"Net exports are going down," Thorbecke added. "In the past, there were much greater exports."
In addition, global markets are reacting quickly and uneasily to even small events, as stocks held by farmers and suppliers have dropped significantly because consumption outstripped production in seven of the past eight years.
"People got complacent," Tyner said. "So even a small shock leads to larger price jumps."
Far From Over
In the face of such high prices after years of low profit margins, farmers are rushing to return idle land to service and increase production.
Economists expect a slight increase in overall supply, moderating prices somewhat. But it's unlikely that the price of food will fall back to pre-crisis levels in coming years—if ever.
Hundreds of millions of people are expected to enter the middle class in the next decades, further pressuring fuel and food supplies.
But most of the available arable land in the world is already being used for crops.
In addition, vast areas, particularly in Asia and Africa, are expected to be lost to desertification, depletion, or pollution, and dwindling water supplies are expected to cut into usable land.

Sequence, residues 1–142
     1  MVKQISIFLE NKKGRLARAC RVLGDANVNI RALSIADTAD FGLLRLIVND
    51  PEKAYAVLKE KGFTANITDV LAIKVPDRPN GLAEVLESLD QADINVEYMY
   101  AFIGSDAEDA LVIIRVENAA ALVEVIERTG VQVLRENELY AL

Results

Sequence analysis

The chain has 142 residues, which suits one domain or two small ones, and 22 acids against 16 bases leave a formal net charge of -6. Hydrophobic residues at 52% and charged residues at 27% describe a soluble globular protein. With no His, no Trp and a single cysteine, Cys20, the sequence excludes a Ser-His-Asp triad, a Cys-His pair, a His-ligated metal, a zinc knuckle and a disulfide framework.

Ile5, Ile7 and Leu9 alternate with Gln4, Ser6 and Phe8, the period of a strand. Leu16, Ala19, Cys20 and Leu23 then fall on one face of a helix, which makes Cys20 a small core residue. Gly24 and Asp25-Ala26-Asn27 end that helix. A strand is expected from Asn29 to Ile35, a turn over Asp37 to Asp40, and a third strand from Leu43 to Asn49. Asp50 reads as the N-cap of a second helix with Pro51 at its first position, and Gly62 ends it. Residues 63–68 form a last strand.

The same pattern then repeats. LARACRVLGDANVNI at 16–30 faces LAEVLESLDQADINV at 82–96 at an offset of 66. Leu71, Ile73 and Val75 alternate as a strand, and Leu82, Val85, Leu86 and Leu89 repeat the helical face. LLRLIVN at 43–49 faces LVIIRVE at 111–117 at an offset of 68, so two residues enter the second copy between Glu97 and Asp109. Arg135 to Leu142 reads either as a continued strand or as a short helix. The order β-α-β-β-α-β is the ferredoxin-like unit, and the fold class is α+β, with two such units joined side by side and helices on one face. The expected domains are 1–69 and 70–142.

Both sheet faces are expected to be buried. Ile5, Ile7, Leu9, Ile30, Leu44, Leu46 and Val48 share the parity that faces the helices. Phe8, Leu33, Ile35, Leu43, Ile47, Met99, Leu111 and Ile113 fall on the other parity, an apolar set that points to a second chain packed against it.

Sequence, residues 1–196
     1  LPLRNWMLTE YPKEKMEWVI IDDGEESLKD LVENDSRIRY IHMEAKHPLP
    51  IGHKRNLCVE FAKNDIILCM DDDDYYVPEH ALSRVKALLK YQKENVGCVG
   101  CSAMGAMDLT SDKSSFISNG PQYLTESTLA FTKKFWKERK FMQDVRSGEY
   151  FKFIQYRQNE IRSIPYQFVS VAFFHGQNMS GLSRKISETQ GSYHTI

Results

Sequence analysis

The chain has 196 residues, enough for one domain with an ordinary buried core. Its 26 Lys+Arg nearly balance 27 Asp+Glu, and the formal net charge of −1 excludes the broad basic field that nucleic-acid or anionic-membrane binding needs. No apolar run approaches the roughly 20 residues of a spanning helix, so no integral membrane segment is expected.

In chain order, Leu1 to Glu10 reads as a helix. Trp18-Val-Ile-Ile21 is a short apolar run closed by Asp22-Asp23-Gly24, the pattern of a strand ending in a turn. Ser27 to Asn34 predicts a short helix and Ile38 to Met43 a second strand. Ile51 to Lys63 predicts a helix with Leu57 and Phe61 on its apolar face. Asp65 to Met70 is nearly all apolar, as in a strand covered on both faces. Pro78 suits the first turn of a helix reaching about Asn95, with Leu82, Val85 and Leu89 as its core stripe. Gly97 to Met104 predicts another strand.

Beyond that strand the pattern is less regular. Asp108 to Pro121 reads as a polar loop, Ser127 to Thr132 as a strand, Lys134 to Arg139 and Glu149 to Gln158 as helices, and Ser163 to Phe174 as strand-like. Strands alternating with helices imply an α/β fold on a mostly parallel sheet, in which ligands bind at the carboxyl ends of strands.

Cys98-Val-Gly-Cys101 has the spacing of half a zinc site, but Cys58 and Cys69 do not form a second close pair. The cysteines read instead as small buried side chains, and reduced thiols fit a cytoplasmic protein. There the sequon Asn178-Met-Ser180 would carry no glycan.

So the only answer, experts say, is to increase the amount of food grown on existing land, using more efficient methods—which will require years of research and investment.
Beginning in the early 1970s, after the last great food crisis, "there was a big and sustained increase in investment in agricultural productivity," Tyner explained.
New crop varieties and more efficient farming methods led to enormous increases in output, he said, but those gains begin to slow down in the '90s, helping to set the stage for the current crisis.
"We need to look long-term, because we've got a long-term problem," U.S. Secretary of Agriculture Ed Schafer said at a recent press briefing on food and fuel.
"If you look at how to deal with this, we need to convince other nations in this world to increase yields. And that means the use of biotechnology products. It means better water management, better fertilizer management, and precision farming methods," he said.
"If other countries do not increase yields comparable to those that we see here in the United States, people are going to go hungry. It's that simple."